Languages
Page last updated at 10:42 GMT, Monday, 30 November 2009

Dozens charged in China mine disaster 'cover up'

Rescue workers search for survivors at a mine in Hegang City, Heilongjiang province (21 Nov 2009)
Deadly accidents are common in China's mining industry

China has charged nearly 60 people with covering up a deadly mine disaster just weeks before last year's Olympic Games, the state-run China Daily has said.

The July 2008 accident in Hebei province, near Beijing, killed 34 miners. News of it was suppressed for nearly three months, China Daily said.

Officials are alleged to have moved bodies, destroyed evidence and bribed journalists to hush up the disaster.

Relatives of the miners were kept quiet with threats and "large payments".

The charges result from an investigation ordered by China's State Council, or cabinet, China Daily said.

In total, 10 journalists and 48 government and mining officials have been charged.

The 10 journalists were paid $380,000 (£230,000) to not report the disaster, the report said.

The miners were killed in an explosion at the Lijiawa mine in Yuxian county, Hebei province, on 14 July last year.

The Yuxian county government allegedly took out expensive advertisements in the newspaper of one of the journalists charged.

China's mines are notoriously dangerous. The central government has made improving safety standards a priority, but rules are often ignored in favour of profit as the economy has boomed.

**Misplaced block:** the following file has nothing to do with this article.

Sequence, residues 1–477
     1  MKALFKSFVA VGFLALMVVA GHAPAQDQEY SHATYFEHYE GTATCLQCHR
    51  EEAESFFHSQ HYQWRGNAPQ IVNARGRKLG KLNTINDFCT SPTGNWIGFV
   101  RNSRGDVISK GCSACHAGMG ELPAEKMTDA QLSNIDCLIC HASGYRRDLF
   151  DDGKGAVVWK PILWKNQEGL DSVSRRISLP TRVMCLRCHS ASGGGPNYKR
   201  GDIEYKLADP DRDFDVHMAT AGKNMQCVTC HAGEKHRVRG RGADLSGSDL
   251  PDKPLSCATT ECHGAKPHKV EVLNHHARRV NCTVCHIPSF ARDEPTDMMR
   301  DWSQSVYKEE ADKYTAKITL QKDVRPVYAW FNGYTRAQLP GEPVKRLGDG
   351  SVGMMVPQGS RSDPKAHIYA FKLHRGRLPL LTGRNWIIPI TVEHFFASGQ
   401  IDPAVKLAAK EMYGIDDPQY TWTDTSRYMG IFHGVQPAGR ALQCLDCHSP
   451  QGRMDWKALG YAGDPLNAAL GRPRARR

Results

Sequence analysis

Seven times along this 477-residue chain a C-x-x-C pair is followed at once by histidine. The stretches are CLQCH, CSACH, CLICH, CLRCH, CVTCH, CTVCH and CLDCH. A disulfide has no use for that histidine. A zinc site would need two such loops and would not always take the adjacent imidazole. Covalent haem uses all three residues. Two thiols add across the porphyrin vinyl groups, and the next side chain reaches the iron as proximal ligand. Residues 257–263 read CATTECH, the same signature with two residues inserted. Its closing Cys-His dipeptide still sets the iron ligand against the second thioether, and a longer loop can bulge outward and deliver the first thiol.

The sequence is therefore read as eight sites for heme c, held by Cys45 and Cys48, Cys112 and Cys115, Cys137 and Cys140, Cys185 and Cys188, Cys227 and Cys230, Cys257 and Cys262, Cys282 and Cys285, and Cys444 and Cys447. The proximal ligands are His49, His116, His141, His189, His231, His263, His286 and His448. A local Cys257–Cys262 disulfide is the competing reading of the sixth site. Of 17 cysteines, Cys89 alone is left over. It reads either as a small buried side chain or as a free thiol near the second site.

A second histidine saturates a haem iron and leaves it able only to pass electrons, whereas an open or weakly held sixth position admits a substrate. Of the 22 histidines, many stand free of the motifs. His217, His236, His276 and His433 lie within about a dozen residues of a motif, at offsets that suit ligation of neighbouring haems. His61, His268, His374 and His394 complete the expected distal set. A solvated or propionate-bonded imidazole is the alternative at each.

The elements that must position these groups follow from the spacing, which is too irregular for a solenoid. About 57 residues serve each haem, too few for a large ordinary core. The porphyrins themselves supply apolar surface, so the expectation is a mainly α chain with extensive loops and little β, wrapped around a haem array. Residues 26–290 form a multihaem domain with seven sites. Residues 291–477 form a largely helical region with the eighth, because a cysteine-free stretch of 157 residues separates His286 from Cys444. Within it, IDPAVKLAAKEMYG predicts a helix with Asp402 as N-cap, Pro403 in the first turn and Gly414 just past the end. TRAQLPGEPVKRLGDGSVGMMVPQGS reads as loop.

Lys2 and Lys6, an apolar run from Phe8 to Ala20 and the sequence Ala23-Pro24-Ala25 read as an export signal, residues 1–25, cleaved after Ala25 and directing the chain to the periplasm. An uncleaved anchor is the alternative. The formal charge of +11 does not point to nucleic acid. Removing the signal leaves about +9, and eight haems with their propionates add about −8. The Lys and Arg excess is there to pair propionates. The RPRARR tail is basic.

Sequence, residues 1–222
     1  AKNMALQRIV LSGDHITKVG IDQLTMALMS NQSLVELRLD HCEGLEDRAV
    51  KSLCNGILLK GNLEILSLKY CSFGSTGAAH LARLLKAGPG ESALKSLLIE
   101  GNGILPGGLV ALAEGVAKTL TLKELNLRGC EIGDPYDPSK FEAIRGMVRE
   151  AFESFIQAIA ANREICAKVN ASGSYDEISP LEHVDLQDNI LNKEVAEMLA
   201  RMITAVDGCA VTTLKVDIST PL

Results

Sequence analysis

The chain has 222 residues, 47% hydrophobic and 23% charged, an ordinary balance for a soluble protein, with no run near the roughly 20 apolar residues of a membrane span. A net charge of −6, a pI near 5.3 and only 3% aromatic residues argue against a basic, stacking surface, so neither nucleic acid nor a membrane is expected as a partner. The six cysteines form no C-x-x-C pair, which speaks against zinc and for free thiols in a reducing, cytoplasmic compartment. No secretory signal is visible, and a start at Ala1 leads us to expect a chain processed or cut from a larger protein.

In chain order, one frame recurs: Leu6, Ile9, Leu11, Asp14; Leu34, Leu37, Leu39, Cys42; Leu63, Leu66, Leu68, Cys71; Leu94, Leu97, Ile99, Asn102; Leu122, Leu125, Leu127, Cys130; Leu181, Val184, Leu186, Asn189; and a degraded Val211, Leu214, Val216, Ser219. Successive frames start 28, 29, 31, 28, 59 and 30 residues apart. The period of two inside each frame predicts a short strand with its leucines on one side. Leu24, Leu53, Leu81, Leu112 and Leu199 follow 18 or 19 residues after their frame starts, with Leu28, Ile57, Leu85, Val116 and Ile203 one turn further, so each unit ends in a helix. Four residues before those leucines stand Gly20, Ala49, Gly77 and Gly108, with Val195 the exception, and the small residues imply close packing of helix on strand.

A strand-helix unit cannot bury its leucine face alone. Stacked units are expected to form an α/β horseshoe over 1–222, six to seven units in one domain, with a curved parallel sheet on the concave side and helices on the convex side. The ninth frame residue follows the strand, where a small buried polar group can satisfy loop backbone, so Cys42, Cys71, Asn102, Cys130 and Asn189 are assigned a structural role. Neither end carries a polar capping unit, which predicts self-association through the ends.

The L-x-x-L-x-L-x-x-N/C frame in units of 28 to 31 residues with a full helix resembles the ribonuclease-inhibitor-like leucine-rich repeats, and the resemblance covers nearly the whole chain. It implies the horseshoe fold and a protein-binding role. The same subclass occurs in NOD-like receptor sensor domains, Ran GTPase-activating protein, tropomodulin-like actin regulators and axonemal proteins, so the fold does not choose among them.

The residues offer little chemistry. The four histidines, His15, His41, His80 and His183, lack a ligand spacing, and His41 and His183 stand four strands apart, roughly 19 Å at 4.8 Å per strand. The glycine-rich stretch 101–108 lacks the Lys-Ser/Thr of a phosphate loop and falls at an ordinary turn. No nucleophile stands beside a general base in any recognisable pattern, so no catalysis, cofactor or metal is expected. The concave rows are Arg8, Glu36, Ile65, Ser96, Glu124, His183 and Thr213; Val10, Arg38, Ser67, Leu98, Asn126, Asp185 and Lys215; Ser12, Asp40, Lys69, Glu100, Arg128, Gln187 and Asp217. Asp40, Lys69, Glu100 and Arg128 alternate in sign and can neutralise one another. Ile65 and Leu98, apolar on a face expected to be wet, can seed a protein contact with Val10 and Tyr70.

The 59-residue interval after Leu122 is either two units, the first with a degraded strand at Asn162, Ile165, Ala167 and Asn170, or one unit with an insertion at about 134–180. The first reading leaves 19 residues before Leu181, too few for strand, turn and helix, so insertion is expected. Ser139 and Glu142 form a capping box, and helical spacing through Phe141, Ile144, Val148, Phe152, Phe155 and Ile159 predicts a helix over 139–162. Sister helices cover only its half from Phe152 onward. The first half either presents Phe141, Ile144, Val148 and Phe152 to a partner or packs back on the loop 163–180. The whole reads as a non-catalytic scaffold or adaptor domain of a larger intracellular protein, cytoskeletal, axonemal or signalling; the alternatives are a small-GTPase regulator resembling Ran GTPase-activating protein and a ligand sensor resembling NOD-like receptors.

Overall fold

Print Sponsor


RELATED INTERNET LINKS
The BBC is not responsible for the content of external internet sites


FEATURES, VIEWS, ANALYSIS
Has China's housing bubble burst?
How the world's oldest clove tree defied an empire
Why Royal Ballet principal Sergei Polunin quit

BBC navigation

BBC © 2014 The BBC is not responsible for the content of external sites. Read more.

This page is best viewed in an up-to-date web browser with style sheets (CSS) enabled. While you will be able to view the content of this page in your current browser, you will not be able to get the full visual experience. Please consider upgrading your browser software or enabling style sheets (CSS) if you are able to do so.

Americas Africa Europe Middle East South Asia Asia Pacific